The Food and Drug Administration did not force a recall of tainted peanut butter that caused salmonella poisoning in 14 people until 165 days after confirming the contamination, the agency's watchdog said in report released Thursday.
And in a similarly alarming case, it took the government 81 days to recall a variety of cheese products made by a Virginia firm -- after eight people had fallen ill from a bacteria in the food and a baby died.
This lax approach to food safety put consumers "at risk of illness or death" after testing showed the food was potentially hazardous, investigators for Inspector General Daniel Levinson at the Department of Health and Human Services, the FDA's parent agency, wrote in a rare urgent warning. The "early alert" called the issue a "significant matter" that "requires FDA's immediate attention."
The watchdog's report blamed loose or nonexistent policies for how and when the FDA does recalls when commercial food has made people sick. And it noted that despite new powers the agency got in 2011 to force companies to recall dangerous products -- rather than ask them to act voluntarily --and new technology that allows scientists to identify pathogens faster, the government is still endangering the public by dragging out its investigations.
"FDA did not have an efficient and effective food recall initiation process that helps insure the safety of the Nation's food supply," said the short, but alarming report. "FDA's policies and procedures did not instruct its recall staff to prescribe to the firms a time and a manner in which to initiate the voluntary recall."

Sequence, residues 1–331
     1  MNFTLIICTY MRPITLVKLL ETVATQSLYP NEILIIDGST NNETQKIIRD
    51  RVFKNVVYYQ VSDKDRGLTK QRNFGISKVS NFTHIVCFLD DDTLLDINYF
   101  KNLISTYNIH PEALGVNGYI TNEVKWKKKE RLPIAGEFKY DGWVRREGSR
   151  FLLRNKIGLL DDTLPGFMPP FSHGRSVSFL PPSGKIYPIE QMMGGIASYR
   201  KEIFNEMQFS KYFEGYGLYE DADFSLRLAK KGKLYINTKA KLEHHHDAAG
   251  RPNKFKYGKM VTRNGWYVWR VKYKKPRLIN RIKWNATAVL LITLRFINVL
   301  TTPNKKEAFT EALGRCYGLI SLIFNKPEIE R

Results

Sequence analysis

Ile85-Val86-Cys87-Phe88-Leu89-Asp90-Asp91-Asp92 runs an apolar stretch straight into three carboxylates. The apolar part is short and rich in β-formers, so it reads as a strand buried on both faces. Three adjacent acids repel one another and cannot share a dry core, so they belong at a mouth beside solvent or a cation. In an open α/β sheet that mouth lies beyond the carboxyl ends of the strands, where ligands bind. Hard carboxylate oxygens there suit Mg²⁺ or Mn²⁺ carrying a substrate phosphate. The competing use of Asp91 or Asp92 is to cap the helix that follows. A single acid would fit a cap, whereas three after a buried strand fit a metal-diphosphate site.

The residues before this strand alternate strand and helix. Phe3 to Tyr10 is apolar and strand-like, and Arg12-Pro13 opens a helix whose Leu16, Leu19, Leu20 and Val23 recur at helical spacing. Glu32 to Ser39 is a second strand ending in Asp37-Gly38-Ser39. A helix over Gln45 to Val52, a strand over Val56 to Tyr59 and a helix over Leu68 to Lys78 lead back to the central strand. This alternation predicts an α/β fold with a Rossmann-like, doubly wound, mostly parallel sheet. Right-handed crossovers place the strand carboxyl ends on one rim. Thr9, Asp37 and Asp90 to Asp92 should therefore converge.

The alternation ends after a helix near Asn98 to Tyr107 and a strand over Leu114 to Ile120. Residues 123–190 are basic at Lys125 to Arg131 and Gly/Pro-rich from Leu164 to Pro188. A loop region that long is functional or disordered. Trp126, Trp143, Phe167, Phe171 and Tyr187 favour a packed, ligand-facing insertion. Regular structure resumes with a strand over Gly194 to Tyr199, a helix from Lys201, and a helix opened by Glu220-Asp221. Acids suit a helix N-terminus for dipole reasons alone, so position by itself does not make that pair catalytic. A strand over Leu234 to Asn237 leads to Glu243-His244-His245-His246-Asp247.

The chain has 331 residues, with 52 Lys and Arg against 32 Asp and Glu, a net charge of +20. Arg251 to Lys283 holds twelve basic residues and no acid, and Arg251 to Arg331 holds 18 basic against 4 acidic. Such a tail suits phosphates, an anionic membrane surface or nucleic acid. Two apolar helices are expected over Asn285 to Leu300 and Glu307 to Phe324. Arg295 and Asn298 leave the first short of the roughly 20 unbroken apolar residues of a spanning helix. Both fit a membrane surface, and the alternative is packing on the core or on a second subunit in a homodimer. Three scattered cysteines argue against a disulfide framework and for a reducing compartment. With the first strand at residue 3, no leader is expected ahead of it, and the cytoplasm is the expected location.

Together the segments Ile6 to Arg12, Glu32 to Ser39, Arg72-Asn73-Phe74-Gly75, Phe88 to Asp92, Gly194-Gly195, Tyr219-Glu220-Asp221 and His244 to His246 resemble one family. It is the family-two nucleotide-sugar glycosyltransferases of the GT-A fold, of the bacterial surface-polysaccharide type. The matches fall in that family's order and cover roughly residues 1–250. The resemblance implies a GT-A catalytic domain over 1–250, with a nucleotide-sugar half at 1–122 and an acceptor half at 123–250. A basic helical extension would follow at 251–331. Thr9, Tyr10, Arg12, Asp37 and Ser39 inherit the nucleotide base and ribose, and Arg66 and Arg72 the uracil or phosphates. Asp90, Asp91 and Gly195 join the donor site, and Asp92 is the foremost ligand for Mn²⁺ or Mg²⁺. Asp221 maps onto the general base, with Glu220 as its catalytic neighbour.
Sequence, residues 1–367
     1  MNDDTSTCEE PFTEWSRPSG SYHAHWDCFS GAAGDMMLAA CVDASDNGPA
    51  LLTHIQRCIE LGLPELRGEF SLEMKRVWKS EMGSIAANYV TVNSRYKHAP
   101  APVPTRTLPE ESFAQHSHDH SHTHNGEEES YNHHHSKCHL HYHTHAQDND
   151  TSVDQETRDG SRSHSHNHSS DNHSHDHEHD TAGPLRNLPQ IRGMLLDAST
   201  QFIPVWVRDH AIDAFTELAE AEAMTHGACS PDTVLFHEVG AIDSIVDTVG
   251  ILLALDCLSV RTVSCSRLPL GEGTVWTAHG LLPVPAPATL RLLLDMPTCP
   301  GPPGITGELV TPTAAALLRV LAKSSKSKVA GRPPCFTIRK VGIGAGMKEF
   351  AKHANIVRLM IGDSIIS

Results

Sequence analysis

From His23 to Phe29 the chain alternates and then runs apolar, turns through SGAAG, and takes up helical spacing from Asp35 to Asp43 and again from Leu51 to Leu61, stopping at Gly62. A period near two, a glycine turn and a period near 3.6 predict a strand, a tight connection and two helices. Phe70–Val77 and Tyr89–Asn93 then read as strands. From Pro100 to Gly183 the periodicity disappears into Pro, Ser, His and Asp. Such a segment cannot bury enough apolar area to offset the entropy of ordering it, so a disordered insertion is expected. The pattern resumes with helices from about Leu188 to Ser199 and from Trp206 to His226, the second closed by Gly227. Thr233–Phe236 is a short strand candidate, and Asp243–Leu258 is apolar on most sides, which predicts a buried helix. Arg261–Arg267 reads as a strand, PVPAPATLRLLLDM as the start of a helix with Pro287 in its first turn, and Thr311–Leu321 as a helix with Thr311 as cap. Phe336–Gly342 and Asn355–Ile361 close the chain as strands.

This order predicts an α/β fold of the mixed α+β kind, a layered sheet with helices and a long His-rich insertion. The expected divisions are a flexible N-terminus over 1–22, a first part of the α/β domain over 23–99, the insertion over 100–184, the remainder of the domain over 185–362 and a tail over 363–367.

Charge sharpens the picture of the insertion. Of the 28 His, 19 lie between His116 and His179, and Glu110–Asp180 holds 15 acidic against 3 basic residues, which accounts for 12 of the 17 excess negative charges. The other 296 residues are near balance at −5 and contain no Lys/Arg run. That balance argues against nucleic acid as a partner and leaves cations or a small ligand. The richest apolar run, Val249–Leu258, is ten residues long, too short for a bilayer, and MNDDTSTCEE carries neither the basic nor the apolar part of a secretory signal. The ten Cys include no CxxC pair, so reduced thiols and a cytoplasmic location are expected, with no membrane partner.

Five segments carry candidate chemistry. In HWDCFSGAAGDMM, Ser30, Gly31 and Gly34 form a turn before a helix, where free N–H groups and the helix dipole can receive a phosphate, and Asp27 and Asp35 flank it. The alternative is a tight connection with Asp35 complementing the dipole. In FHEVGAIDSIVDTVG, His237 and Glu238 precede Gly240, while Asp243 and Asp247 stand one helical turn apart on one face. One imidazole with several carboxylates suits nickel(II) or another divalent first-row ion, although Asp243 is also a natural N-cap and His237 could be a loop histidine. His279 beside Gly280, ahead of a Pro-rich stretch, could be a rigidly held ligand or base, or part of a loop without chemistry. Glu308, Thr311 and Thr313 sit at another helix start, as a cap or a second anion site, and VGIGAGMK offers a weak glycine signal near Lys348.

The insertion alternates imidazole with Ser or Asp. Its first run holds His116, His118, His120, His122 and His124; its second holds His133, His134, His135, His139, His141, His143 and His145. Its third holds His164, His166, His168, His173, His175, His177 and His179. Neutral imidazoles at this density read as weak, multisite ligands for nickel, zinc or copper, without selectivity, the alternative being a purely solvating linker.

The FDA's leading food safety official told The Associated Press that the cases investigators found were "outliers" and a "very selective example" of recalls that did not move forward more quickly.
But the official, Deputy Commissioner Stephen Ostroff, said the agency has started a more rigorous review process for food recalls that seem to be moving too slowly.
"That way we will be able to take action much more quickly in circumstances where there seems to be some reluctance at the firm," he told the AP.
The FDA has for years relied on voluntary recalls for companies to remove tainted products from supermarket shelves. But a broad food safety law Congress passed four years ago gives federal officials authority to order recalls in cases where bad food can cause serious harm. Investigators said these powers have rarely been used.
The nut butter and cheese cases occurred in 2014 and are part of an ongoing review by investigators of 30 recalls from 2012 to 2015.
In the first case, nSpired Natural Foods voluntarily recalled tainted peanut and almond butters, but that was 165 days after the FDA first found salmonella in samples from one of the company's plants. The agency also did more precise testing using DNA mapping that confirmed its initial conclusions. But the butters were not pulled from the market for three more months, investigators found.
Salmonella is a bacterial illness that can cause fever, cramps, diarrhea and other symptoms, particularly in people with compromised immune systems.
In the second case, Oasis Brands recalled several tainted cheese products in 2014. But they were pulled almost three months after the state agriculture department in Virginia told the FDA that it had discovered listeria, a bacteria that causes flu-like symptoms and is dangerous for pregnant women, in food samples.
The FDA sent investigators to the company's manufacturing plant for further testing twice during the 81 day-delay, and found contamination both times.
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